(pp. xi-xviii)
  5. 1 Monitoring Mothers A Recent History of Following the Doctor’s Orders
    (pp. 1-20)

    EVEN BEFORE THE creation of powder formulas, infant feeding was a morally charged practice. In colonial and postrevolutionary America, for example, women who did not nurse their babies were often considered to be selfish and unpatriotic. Nonetheless, many women sought alternative forms of feeding. The demand for wet nurses, socially disadvantaged women who breastfed other women’s children, was constant, and human milk was among the most advertised commodities.¹ Some mothers, particularly in the middle class, found breastfeeding distasteful or immodest, while others found it exhausting. Scientists, doctors, and clergymen believed that breastfeeding was superior to bottle feeding, but they also...

  6. 2 The Science Does Breastfeeding Make Smarter, Happier, and Healthier Babies?
    (pp. 21-46)

    AT THE CORE of the “breast is best” message is the notion that breastfeeding—the substantive properties of breast milk, the interaction between breastfeeding mother and baby, or some combination of the two—is medically superior to bottle feeding for babies. That is, breastfed babies are physically, cognitively, and emotionally healthier than their bottle-fed counterparts, and their relative well-being can be attributed to one or various dimensions of the breastfeeding process. There is broad disagreement on the extent to which employers and public institutions should make accommodations for breastfeeding, and scientists have not established any consensus on the long-term health...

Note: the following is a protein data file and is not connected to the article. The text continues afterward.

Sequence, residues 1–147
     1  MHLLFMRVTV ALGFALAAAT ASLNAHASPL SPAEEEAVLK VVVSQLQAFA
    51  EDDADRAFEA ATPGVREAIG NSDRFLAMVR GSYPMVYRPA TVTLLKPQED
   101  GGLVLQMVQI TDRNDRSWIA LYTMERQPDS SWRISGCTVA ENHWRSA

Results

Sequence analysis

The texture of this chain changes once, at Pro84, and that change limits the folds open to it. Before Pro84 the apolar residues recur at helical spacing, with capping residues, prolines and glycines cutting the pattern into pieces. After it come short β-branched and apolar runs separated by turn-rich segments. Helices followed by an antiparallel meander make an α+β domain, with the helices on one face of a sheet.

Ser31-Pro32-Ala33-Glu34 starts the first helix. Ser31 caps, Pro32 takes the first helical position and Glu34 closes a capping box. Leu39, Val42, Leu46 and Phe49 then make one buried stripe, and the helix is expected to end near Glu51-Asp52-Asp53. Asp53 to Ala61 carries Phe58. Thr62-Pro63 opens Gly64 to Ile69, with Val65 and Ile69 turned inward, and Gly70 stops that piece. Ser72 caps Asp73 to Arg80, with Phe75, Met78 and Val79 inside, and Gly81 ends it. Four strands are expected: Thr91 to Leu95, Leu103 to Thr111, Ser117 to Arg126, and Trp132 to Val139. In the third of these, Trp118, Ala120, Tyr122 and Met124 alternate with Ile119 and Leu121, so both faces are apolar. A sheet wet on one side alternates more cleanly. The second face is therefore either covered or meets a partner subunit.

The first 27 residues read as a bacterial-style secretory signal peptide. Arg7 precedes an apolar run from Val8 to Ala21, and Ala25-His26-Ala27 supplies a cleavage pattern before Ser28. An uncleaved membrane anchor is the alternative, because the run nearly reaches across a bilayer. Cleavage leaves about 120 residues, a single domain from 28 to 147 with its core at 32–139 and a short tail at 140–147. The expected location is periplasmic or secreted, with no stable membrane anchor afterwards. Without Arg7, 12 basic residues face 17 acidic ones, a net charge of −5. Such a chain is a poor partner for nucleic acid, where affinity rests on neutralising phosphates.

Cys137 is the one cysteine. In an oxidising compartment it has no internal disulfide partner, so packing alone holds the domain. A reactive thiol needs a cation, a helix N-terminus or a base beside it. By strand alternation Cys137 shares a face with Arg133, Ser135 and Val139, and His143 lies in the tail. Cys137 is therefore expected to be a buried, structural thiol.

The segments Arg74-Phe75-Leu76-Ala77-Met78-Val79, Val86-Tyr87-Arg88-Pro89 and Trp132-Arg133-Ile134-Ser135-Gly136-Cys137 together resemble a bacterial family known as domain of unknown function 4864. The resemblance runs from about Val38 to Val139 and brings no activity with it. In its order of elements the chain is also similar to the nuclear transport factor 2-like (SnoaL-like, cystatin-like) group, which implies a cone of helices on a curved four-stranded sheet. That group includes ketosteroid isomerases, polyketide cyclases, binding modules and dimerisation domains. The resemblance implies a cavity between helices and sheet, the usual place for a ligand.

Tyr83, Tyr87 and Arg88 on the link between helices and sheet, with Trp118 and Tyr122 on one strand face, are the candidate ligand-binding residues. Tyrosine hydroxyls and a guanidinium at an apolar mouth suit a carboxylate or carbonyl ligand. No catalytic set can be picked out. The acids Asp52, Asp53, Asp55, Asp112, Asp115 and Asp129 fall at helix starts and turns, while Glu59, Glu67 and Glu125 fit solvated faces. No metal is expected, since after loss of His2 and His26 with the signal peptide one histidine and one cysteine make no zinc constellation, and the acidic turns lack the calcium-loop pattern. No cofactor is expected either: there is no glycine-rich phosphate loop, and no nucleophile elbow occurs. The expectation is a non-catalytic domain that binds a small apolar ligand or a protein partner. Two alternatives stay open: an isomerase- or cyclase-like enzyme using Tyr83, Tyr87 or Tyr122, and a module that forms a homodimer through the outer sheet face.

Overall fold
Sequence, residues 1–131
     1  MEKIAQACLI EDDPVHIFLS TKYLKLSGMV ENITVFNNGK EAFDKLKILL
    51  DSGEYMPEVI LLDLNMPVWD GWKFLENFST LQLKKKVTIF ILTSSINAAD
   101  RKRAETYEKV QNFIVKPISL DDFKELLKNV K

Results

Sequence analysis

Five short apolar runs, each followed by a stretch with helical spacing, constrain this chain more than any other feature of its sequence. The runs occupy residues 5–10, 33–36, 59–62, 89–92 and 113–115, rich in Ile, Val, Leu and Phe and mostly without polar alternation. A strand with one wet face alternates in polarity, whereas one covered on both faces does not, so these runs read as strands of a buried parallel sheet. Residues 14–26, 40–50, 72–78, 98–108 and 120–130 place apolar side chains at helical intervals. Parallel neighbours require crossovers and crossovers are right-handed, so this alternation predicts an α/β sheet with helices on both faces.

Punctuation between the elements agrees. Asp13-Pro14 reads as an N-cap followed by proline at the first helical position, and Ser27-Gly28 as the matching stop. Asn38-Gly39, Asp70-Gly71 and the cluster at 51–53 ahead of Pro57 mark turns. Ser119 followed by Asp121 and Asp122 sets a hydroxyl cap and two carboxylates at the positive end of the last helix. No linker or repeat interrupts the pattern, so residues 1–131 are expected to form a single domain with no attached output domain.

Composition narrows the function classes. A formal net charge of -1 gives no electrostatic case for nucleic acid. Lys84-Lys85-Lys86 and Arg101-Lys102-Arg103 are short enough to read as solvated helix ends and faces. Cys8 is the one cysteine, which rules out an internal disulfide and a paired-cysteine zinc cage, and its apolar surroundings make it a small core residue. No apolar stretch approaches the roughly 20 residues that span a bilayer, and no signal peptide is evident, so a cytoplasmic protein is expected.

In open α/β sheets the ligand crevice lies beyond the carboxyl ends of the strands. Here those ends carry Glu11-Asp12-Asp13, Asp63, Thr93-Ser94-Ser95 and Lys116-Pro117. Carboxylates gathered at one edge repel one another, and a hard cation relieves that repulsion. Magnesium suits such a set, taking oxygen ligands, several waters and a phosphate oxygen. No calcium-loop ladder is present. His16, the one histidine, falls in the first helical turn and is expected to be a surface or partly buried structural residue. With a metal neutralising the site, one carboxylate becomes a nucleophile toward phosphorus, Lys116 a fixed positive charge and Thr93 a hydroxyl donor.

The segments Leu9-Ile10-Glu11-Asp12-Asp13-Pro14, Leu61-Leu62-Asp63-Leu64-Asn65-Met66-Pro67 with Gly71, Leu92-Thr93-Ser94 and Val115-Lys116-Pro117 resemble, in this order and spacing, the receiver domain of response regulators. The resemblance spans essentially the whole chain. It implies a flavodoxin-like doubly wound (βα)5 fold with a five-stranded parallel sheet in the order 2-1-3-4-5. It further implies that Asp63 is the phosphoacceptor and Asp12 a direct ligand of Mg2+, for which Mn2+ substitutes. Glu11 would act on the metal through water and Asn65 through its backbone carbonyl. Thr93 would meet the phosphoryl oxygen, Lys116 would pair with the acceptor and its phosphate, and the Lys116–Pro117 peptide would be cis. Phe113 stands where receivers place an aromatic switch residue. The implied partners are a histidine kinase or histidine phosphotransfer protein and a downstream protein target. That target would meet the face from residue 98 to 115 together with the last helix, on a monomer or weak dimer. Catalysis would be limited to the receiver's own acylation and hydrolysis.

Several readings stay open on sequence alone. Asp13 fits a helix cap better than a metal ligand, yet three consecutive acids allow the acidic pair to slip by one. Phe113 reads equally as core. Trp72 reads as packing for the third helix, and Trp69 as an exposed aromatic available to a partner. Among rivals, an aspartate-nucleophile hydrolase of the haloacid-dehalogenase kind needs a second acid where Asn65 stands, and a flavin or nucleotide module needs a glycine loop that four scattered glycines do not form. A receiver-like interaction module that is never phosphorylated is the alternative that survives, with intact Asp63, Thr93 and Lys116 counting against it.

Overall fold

7. 3 Minding Your Own (Risky) Business Health and Personal Responsibility
    (pp. 47-70)

    IN DECEMBER 2005, theNew York Timesran an op-ed piece in which writer Karen Karbo poked fun at HarperCollins, publisher of a new edition of the popular children’s bookGoodnight Moon, for digitally removing a cigarette from a photo of Clement Hurd, the illustrator. Alongside a redrawing of one of Hurd’s illustrations depicting the inside of Bunny’s house, Karbo pointed to other “potentially harmful” messages that HarperCollins had not addressed. “How long has this bowl full of mush been sitting here?” she queried. “A single drop of sour milk contains more than 50 million potentially fatal bacteria. At the...

  8. 4 From the Womb to the Breast Total Motherhood and Risk-Free Children